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May 30, 2013

First time school to receive prestigious state award

Mary Mattingly

South Ripley Jr. High students and staff gather with Principal Rod Hite and Supt. Rob Moorhead to show off the new banner

South Ripley Junior High School was named a Four Star School for 2013. It's the first time a South Ripley school has been awarded the special state recognition.

South Ripley is one of 313 Indiana schools which received the award out of some 2000. In order to achieve this designation, a school must be in the top 25th percentile of schools in ISTEP+ testing results. The junior high's combined ISTEP+ 7th grade scores for English and Math were 175.8 percent; the top 25 percent minimum was 169.5 and the average in the state was 148 percent. The school's 8th grade combined scores were also high, at 173.5 percent, where the top 25 percent minimum was 167.8, and the state average was 153 . Administrators also noted that South Ripley Jr. High was also the only junior high school recipient with a greater than 50 percent or more "at risk" population. The school is at 53 percent, meaning that's the percentage who receive free or reduced lunches.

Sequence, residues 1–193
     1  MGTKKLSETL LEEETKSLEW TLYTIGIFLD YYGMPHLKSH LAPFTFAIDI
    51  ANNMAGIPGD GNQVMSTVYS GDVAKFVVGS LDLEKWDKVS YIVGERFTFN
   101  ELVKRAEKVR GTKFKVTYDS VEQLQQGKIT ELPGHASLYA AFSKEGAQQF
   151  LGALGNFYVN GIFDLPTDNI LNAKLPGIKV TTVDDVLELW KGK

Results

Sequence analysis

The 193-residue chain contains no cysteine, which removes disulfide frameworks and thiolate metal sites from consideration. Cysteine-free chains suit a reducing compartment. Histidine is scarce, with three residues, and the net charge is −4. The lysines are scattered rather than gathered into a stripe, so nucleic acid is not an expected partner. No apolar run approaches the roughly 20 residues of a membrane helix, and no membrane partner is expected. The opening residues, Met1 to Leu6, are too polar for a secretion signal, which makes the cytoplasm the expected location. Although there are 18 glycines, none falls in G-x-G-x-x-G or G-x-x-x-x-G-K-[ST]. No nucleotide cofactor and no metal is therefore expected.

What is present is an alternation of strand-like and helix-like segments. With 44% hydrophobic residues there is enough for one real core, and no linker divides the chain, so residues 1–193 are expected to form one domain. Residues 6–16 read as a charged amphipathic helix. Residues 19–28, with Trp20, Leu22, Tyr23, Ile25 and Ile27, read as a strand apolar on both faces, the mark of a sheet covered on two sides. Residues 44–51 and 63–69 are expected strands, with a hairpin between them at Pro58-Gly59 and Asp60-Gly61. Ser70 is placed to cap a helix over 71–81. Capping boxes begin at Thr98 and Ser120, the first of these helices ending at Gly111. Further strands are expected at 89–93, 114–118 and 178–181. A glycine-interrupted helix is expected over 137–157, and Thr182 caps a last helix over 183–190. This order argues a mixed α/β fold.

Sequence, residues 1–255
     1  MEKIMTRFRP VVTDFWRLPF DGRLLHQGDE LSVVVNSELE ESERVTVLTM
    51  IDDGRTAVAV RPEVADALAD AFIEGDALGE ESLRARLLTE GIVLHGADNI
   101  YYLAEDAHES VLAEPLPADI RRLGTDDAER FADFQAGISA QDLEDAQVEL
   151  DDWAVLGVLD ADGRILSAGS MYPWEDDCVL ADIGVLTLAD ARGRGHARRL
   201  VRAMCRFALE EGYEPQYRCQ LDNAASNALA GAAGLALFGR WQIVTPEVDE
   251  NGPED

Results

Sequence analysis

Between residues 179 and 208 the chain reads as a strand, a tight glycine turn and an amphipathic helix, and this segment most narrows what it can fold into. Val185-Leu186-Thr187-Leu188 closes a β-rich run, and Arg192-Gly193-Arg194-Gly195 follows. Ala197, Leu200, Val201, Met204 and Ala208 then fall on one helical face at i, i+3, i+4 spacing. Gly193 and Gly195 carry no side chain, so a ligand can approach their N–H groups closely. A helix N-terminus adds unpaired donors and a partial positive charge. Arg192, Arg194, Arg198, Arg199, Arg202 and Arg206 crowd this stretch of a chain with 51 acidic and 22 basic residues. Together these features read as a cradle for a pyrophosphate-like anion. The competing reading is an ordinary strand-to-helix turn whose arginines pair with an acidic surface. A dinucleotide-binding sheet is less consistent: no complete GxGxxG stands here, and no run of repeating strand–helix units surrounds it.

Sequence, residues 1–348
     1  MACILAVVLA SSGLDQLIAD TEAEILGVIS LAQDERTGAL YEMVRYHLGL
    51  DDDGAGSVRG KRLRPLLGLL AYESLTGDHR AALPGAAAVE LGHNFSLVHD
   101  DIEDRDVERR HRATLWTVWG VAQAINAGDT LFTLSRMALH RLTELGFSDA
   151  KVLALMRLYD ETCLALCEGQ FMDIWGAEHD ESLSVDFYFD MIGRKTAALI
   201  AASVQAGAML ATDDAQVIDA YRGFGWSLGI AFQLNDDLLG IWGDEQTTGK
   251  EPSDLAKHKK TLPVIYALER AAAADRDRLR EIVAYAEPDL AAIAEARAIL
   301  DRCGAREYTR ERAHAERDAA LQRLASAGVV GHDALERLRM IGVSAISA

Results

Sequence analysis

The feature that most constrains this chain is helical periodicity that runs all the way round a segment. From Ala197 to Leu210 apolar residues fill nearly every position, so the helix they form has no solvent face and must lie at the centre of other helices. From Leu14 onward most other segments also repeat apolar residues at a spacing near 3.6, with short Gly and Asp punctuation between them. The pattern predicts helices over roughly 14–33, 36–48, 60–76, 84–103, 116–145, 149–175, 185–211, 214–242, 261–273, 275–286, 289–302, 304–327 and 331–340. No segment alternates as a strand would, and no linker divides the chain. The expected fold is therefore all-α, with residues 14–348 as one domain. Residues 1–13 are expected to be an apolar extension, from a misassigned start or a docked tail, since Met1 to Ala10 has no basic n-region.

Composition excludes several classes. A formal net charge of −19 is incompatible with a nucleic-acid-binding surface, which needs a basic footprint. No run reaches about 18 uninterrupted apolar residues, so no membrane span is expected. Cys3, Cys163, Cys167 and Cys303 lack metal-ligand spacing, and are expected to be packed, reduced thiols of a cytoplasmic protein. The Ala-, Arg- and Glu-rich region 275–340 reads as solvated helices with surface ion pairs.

Indiana Superintendent Glenda Ritz congratulated the Four Star Schools. "I am honored to name these schools as our Four Star Schools for this year," said Ritz. "Winning this award required excellent work by teachers, administrators, students and parents throughout the year and on behalf of the entire Indiana Department of Education I send them my sincere congratulations."

The notice from the state school superintendent was welcome news at the end of the year. Principal Rod Hite was thrilled with the honor, and threw a pizza and ice cream party for the students. On the last day of school May 23 he and the superintendent showed off the new banner touting their success during the character education convocation. A cookout with the staff was held prior to the school board meeting May 20, to celebrate their success.